But if they say that the Prophet meant that each complete month should be followed by an incomplete one, as the chronologists reckon, they are refuted by the plain facts, if they will not disregard them, and their trickery in both small and great things, in all they have committed,
the impossibility of

For the conclusion of the first-mentioned tradition proves 30 their assertion, viz. "Fast when she (new-moon) appears, and cease fasting when she re-appears, but if heaven be clouded so as to prevent your observation, reckon the month Sha'bdn as thirty days." And in another tradition, the Prophet says, " If a cloud or black dust should prevent you from, observing the new moon, make the number thirty For if the appearance of new-moon be known either from complete." their tables and calculations, or from the statements of the authors of the canons, and if the beginning and end of fasting is to precede the appearance of new-moon, it would not be necessary to give full thirty
is

exposed.

days to the month Sha'ban, or to count the month
thirty days, in case the horizon should be covered

Eamadan

as full 40
dust.

by a cloud or by
is

And

this

{i.e.

to give full thirty days to

Ramadan)

not possible, except

by performing the fasting of the day in the evening of which the new-

moon

is first seen.

ON THE NATUEE OF MONTHS.

79

If, further, the month Ramadan were always complete, and its beginning were known, people might do without the observation of new-moon for the month Shawwill. In the same way, the word of the Prophet "and cease fasting when she (new-moon') re-apjpears" is to be
:

interpreted.

However, party spirit makes clear-seeing eyes blind, and makes sharphearing ears deaf, and instigates people to engage in things which no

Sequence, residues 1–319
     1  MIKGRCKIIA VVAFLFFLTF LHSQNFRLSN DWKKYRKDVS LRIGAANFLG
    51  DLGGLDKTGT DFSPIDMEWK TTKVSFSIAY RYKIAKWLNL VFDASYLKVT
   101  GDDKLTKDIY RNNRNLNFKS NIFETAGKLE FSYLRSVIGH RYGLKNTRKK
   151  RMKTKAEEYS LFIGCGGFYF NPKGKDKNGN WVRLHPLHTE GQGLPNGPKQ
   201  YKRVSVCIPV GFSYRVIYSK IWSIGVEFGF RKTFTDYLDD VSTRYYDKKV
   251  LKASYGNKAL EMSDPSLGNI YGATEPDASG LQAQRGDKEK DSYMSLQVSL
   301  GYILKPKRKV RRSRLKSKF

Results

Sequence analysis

is inclined to adopt. But for this reason, such ideas would not have entered their heads, i£ you consider-the traditions which occur in 10 the books of the 8hi^a Zaidiyya, may God preserve their community and which have been corrected by their authorities, may God bless

mind

p. 67.

!

them

as for instance, the following In the time of the Priace of the Believers ('Ali) people had been fasting twenty-eight days in the month of Eamadan. Then he ordered them still to perform the fasting of one day, which they did. The fact was that both consecutive months,
!

:

Sha'ban and Ramadan, were imperfect, and there had been some obstacle which had prevented them from observing new-moon at the beginning
they gave the month the full number of thirty days, and end of the month the reality of the case became evident. Then 20 there is the following saying, related to have been pronounced by 'Abu 'Abd-Allah Alsadik " The month of Ramadan is liable to the same increase and decrease as the other months.'" Also the following is reported of the same " If you observe the month Sha'bdn without being able to see the newmoon, count thirty and then fast.'' The same 'Abu- 'Abd- Allah Alsadik, on beiag asked regarding the new-moon, said " If you see the new moon, fast, and if you see her again, cease fasting .'' All these traditions in the
of
;

Eamadan

at the

:

:

:

code of the Shi'a refer only to the fasting. It is astonishing that our masters, the family of the Prophet, listened to such doctrines, and that they adopted them as a uniting link for the 30 minds of the community of the believers who profess to follow them, instead of imitating the example of their ancestor, the Prince of the
Believers ('Ali), in his aversion to conciliating the obstinate sinners,

when he spoke: "I
(i.e.

did not hold out an

arm

to

those

who lead astray"

1 did not lend support to them).

following saying, ascribed by tradition to Alsadik you observe the new-moon of Eajab, count fifty-nine days, and then begin fasting ;" and the following saying ascribed to the same: "If you see the new-moon of the month of Eamadan at the time when she
"

As regards the

When

appears, count 354 days, and then begin fasting in the next foUowiag

40 year.

But from
in the

For the Lord has created the year as consisting of 360 days. these he has excepted six days, in which he created the heavens and the earth therefore they (these six days) are not comprehended
;

number
rest

(of the

days of the year) "
it

—regarding these traditions we
on this subject
really

say, that, if they were correct, his (Alsadik's) statement

would

on the supposition, that

(the

month Eamadan) was

80

ALEiEUNi.

greater in one place, and did not follow the same rule everywhere, as we have heretofore mentioned. Such a method of accounting for the six

days

is

something so subtle, that
it

it

proves the tradition to be

false,

and

renders

void of authenticity.
: